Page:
When it comes to talk about fine watchmaking, the conversation always leads at some point to Patek Philippe. These two magical words belong to the restricted circle of the “Holy Trinity” or the “Big Three”, as Jack Forster from Hodinkee himself calls it. Patek Philippe, Audemars Piguet and Vacheron Constantin are often considered as the three most important swiss watchmakers. With the emergence of fine watchmakers from all around the world (Germany and Japan for example), it’s difficult to go as far as to say that only the “Holy Trinity” rules over the world of luxury watchmaking today but they do have a great historical legitimacy. In order to have a better understanding of Patek’s groundbreaking success, we could split it into three main factors : the historical legacy of an old brand (170 years of existence), the innovative movements (+70 patents filed) and the outstanding design of several iconic watches. Patek Philippe is a very old brand whose watches are icons equipped with some of the most complicated movements ever created.
History of Patek Philippe
Patek Philippe was founded in 1839 by the polish Antoine Norbert de Patek and the Czech François Czapek. In 1844 Czapek had to leave and was replaced by Jean Adrien Philippe. That’s why in 1845 Antoine Norbert de Patek, Jean Adrien Philippe and Vincent Gostowski founded in Geneva the company Patek & C° and later in 1851, the company Patek Philippe & C°. In 1932, the Stern family took the company over and Patek still belongs to this family today. One of the most distinguishing factor is that Patek Philippe has archived all the data concerning its customers since the beginning of its activity. If your Patek Philippe has been serviced by Patek Philippe, you can find all the information concerning its background. This is one of the reason why Patek Philippe is one of the most collected brand nowadays.
• 1932: Birth of the Calatrava. The Calatrava can be considered as the ultimate classic watch. Designed in 1932, this watch was inspired by the Bauhaus (form follows function). Thanks to its minimalist design, the Calatrava can easily be read. The Calatrava still is a timeless classic with a gold case and a amazing movement.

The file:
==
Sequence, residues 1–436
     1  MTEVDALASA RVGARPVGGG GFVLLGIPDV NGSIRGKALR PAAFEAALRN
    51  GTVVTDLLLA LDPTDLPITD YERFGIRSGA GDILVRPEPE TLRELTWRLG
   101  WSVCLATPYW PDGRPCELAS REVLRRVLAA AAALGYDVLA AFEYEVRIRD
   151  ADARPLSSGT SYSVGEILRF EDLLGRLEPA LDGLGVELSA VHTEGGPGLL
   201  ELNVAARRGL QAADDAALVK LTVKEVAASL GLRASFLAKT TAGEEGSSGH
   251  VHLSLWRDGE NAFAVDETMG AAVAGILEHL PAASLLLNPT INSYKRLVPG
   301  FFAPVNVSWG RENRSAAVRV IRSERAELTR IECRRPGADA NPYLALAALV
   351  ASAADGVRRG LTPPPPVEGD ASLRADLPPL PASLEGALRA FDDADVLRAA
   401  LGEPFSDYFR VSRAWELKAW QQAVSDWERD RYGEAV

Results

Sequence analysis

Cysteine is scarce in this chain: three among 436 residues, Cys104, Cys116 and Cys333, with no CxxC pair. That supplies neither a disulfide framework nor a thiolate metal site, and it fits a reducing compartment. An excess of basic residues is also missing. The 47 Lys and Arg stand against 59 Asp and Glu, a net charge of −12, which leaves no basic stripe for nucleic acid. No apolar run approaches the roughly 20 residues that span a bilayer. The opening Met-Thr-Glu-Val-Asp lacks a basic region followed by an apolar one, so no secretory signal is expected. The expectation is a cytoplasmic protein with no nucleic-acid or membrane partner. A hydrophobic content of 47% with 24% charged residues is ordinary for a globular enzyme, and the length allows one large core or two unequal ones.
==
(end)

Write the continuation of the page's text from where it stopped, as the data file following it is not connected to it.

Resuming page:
• 1941: Birth of the Perpetual Calendar Chronograph. The Perpetual Calendar Chronograph is a technically impressive movement. The ability of combining two separate complications (the perpetual calendar and the chronograph) in one single movement was a huge breakthrough at that time. The Perpetual Calendar Chronograph has evolved throughout history. The different references are: 1518, 2499, 3970, 5970 and now the 5270. The very first movement was a Valjoux modified by Victorin Piguet and then decorated accorded to the high standards of Patek Philippe by its watchmakers. Today Patek Philippe produces an in-house movement for the 5270.
• 1976: Birth of the Nautilus. The Nautilus is obviously one of the most famous watches ever. Designed by Gerald Genta (father of the Royal Oak too), it’s the ultimate “sports luxury watch”. The creation of a stainless steel watch with a Patek Philippe movement was something unusual at that time. Patek Philippe’s ad was at that time : “one of the world costliest watches is made of steel”. Patek wanted to show that the best watch with the best movement had not necessary to be made of gold.
• 1997: Birth of the Aquanaut. The Aquanaut is a very original watch in Patek’s Collection. The watch’s design is sporty with a « tropical » strap (made of rubber) which is radically different from leather straps. The stainless steel case is inspired by the Nautilus. Just like the Nautilus, it’s a stainless steel watch equipped with a high quality movement inside. This watch is aimed at a younger audience, very different from Patek’s traditional audience.